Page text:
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Edition 4 - Article 4

One in a million

A life of unlikely experiences, from the trauma of losing a child to the triumph of success in a male-dominated profession, forms Sonia Baillie’s sense of calm, perspective and purpose.

Sonia Baillie, in many ways, has had a fortunate life. She has a big job as head of credit at AMP Capital, is married with four children, lives on Sydney Australia’s leafy north shore and is optimistic about the future.

It could have been very different.

In 1942, Baillie’s grandmother fled Latvia in a boat with her children in the dark of night. She crossed the Baltic Sea, which was being bombed, in a bid to escape the Soviet massacre. Months later her husband found them again in Germany and the family became “displaced”.

Baillie’s father lived in a displaced person’s camp from the age of three to 13 with little formal education. Eventually the family found their way to Australia and Baillie’s grandfather worked as an engineer and labourer on the Snowy Hydro Scheme, the iconic hydroelectricity system that at the time was the largest engineering project ever undertaken in Australia. Her father began his education late, and eventually become an electrical engineer. He met Baillie’s mother while living in Canada, a German, and they married and had three kids.

A family history like that provides a child with perspective.

“When I was working at Lehman Brothers and it went bankrupt, I was worried. Then I thought of my grandparents. I realised I had a house, I was in Australia, I could get another job. I thought: pull your socks up.”

Baillie is head of credit at AMP Capital. In the pantheon of financial markets investing, credit is often regarded as somewhere below equities. Or as Baillie puts it: “We are the trusty Toyota while equities is the Alfa Romeo that keeps breaking down.”

Credit market investments can take years to come to fruition. It is something Baillie likes about her job.

“We look at the linkages between macro factors, societal changes, consumer changes, policy changes all the way down to the idiosyncratic level of the company and how they respond to changes in macro trends and structural changes. It’s quite dynamic.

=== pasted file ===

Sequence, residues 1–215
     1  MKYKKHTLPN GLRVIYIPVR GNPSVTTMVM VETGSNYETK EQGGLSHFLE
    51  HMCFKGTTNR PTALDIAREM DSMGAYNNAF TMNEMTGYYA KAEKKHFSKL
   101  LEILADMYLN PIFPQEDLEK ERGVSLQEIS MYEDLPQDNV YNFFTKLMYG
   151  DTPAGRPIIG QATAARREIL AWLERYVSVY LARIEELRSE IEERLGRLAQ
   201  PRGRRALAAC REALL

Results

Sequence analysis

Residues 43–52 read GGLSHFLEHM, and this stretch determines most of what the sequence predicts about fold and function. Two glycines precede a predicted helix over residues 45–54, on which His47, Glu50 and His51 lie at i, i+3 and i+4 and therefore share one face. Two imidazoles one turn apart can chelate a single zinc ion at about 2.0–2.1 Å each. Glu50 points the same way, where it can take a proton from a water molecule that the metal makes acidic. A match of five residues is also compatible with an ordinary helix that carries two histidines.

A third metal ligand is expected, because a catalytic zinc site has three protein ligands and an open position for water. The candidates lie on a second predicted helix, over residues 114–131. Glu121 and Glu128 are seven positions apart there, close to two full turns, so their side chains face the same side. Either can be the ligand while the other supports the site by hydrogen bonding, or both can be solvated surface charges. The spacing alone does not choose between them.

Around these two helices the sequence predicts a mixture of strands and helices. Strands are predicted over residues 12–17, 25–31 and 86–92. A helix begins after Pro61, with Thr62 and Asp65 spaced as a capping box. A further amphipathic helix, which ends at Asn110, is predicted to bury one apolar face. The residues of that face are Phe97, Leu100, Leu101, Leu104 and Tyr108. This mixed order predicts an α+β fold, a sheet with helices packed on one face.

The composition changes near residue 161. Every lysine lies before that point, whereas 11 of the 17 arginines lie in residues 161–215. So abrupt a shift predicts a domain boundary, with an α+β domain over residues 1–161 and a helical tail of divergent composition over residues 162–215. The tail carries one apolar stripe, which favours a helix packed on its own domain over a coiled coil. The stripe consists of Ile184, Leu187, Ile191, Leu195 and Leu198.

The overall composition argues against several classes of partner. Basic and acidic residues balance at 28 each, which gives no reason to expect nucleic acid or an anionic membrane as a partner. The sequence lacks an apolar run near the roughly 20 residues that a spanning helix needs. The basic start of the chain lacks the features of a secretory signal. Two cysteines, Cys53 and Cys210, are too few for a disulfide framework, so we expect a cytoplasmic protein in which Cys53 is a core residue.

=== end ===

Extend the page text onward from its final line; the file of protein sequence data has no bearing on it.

“For example, we’ve been talking about the consumer in Australia and rising indebtedness for a long time. Quite a while ago, about five years ago, we tilted away from buying retailers and retail property trusts. That decision emerged as the right one during the past year. In credit markets, you can identify trends early but it’s a long game. You’ve got to be patient.”

When I was working at Lehman Brothers and it went bankrupt, I was worried. Then I thought of my grandparents. I realised I had a house, I was in Australia, I could get another job. I thought: pull your socks up.”

Baillie was educated at Abbotsleigh in Sydney’s north, one of the best performing academic schools in the country, before going to the University of New South Wales to study commerce, with a view to studying in Germany.

She had already funded an exchange for a term to a school in Hamburg when she was 15, by working at McDonalds, and with the encouragement of her mother, was becoming a Germanophile.

The study in Germany didn’t eventuate, but she finished with a degree in finance and accounting. She has worked at fund managers ever since – at Colonial First State as an accountant, then at UBS in fixed income, then Lehman Bros, Nomura Australia and for the past nine years at AMP Capital.

“I felt a strong sense of wanting to do something for good, something more altruistic,” she says about AMP Capital. “There is such a strong human element to markets and economies. I like that. I like interviewing companies and understanding their strategies.

“At AMP Capital we are providing financial security for others. That is something that I take seriously, and I think it is really important.

“Financial independence is empowering and I think of people like my parents. They need that independence and they rely on that. I feel there is a noble purpose.”

Baillie has a sense of perspective in all her conversations. She is very positive, often laughing at a situation before providing an alternate, less rosy view.

“Lehman Bros was one of my favourite workplaces. When it collapsed, there was a surge in Lehman babies. There were a lot born in 2009. It was either because the stress levels went down or people thought they weren’t going to get paid so it was a good time to have a child.

I was breast feeding my little baby with the whole surgery team waiting. I had to say goodbye to my children. But they fixed it. It was a pivotal moment. Nowadays when stressful stuff happens, I often think ‘like whatever’. I’m so grateful for every day.”